Our expectations for midterm elections
Two weeks away from midterms, and investors wonder what consequences might come along with the big day. Here are a few key points on the range of possible outcomes.
1) What is at stake? Up for grabs are control of Congress, key state and local offices, and a number of ballot initiatives in states across the country. Many voters seem to be focused on the economy, as inflation remains near a 40-year high and Americans feel the pinch in their wallets. The officials elected to Congress and state and local offices will have much influence on what the current White House administration can accomplish in the remainder of its term.
2) What do the odds look like? Democrats hold both houses of Congress by very slim margins. Currently, Democrats control the House with 220 seats, while Republicans hold 212 seats. Over in the Senate, there’s a split of 50/50 with Democrats holding control due to Vice President Harris’s tie-breaking vote.
All 435 House seats will be contested in the midterms. Given that Democrats hold only an eight-seat majority in the House now, Republicans would not need a major upset to take the House. In the currently evenly divided Senate, only 34 of the 100 seats will be up for grabs in the midterms (Senate terms are six years); 21 of those seats in the 2022 election cycle are currently held by Republicans, with an additional five Republicans set to retire this term.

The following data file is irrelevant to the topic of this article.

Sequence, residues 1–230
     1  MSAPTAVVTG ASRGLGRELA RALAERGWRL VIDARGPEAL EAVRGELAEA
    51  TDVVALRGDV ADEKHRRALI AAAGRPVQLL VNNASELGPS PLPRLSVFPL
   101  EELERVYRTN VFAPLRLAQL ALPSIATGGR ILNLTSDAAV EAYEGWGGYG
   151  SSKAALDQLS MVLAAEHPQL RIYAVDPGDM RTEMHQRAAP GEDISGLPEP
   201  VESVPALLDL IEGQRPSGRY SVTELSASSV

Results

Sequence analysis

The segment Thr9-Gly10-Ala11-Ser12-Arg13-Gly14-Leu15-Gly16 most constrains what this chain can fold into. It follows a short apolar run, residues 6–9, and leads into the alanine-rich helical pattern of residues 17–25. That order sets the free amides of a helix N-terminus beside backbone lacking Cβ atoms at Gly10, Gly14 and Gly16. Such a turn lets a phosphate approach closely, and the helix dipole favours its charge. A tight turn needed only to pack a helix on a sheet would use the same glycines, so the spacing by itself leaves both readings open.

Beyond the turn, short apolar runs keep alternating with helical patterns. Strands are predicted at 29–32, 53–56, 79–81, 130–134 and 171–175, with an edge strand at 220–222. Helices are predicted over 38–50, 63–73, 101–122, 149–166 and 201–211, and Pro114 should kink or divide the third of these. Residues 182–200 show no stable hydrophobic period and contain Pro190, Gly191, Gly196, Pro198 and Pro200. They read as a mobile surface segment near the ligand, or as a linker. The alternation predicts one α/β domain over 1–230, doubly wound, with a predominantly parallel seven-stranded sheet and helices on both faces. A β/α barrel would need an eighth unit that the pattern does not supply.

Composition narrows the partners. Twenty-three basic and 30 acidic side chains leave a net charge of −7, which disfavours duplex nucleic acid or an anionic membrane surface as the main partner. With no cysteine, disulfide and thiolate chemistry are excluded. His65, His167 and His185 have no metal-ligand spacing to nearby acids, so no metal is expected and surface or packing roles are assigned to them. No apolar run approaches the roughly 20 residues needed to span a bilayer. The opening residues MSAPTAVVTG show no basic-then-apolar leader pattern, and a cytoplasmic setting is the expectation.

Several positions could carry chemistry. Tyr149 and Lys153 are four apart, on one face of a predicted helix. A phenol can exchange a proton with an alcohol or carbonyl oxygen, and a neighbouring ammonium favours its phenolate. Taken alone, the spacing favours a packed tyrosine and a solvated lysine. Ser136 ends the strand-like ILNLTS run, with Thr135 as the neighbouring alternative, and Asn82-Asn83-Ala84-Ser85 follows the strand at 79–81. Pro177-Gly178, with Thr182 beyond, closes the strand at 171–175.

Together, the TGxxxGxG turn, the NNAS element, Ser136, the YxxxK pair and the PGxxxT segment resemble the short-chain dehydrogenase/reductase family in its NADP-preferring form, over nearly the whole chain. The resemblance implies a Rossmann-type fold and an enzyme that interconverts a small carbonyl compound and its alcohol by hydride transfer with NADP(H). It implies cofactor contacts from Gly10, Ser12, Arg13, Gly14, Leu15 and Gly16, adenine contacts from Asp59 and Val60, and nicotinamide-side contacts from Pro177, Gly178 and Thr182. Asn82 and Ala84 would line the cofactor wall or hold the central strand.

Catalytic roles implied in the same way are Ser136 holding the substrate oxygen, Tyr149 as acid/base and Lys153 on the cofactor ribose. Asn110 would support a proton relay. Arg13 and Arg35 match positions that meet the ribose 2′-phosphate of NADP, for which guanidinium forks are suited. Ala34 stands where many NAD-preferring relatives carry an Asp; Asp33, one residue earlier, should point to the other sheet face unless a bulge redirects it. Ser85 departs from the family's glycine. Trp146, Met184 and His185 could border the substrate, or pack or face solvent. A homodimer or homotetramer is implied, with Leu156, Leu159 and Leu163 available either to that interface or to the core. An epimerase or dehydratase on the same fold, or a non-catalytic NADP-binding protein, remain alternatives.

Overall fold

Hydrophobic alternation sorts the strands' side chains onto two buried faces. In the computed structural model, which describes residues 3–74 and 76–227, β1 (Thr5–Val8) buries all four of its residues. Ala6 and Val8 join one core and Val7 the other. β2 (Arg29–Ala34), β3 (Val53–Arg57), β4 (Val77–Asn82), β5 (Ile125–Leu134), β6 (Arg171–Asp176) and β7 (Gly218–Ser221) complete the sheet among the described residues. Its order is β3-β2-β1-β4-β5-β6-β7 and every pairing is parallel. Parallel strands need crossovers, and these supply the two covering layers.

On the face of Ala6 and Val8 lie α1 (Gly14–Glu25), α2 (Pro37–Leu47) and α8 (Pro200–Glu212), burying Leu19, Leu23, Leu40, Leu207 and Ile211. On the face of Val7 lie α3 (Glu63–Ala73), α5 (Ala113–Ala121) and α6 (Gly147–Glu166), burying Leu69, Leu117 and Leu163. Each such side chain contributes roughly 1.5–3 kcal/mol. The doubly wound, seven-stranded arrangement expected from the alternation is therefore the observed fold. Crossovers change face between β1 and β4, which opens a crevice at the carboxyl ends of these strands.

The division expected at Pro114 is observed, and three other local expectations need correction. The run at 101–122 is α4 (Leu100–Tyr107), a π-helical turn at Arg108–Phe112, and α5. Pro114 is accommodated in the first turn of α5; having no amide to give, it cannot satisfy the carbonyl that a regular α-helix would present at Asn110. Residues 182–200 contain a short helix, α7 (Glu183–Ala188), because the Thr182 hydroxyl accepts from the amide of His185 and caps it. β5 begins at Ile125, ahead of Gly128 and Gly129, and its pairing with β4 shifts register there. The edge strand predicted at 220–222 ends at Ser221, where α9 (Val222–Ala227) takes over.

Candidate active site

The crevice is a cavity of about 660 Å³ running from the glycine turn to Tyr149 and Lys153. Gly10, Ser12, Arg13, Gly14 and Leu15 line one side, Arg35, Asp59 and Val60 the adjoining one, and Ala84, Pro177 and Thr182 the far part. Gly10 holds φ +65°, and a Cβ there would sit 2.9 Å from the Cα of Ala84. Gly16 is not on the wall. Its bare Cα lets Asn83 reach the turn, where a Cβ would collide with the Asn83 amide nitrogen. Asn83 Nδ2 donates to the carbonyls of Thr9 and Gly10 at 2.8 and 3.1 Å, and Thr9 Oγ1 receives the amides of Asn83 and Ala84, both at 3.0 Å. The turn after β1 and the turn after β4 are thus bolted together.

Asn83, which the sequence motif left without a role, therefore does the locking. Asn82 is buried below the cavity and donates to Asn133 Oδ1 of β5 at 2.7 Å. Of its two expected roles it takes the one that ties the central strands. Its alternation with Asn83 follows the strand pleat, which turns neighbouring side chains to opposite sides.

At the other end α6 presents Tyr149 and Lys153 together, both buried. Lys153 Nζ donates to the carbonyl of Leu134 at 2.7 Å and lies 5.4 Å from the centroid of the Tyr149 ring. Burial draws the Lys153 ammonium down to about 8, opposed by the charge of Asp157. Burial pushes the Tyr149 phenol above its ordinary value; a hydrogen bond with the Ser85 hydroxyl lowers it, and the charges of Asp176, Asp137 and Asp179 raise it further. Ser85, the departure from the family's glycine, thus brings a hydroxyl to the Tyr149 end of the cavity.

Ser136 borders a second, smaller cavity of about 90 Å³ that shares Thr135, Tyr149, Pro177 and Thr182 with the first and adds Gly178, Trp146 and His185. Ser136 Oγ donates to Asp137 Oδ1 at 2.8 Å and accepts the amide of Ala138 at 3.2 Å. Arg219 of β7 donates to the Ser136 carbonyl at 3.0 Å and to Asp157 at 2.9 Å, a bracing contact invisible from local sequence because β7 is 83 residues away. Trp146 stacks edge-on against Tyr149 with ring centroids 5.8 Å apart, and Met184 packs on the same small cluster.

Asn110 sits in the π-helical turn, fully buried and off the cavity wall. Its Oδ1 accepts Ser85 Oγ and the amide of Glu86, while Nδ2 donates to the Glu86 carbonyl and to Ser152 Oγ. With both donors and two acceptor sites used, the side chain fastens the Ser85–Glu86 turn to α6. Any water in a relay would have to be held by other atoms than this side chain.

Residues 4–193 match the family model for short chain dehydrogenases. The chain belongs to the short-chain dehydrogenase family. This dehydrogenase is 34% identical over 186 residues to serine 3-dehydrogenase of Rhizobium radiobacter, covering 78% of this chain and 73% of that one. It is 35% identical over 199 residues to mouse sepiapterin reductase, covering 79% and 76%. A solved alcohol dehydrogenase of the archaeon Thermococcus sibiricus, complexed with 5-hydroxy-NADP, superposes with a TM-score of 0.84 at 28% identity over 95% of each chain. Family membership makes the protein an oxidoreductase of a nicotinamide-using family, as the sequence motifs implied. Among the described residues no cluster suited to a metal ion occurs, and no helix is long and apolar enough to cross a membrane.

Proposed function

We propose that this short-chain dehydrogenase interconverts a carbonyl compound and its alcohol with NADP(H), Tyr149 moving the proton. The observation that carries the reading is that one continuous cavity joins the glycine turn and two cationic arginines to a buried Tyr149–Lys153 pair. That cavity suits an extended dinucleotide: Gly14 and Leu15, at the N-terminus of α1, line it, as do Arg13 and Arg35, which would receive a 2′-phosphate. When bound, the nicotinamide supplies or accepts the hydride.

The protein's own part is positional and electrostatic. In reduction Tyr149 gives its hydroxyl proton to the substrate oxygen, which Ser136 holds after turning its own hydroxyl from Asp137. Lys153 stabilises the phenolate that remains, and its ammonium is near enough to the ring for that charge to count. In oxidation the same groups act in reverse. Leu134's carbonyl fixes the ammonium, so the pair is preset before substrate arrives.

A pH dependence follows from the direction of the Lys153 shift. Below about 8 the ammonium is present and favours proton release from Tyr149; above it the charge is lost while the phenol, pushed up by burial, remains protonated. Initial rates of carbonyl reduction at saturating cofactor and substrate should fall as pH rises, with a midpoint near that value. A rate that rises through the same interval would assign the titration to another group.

The latest polling and most projections suggest that Republicans will regain control of the House, while Democrats will hold on to the Senate. Hence, a divided government. Uncertainty around the actual outcome remains, but we fall back on a couple of historical observations (as well as more recent developments) to draw this assumption: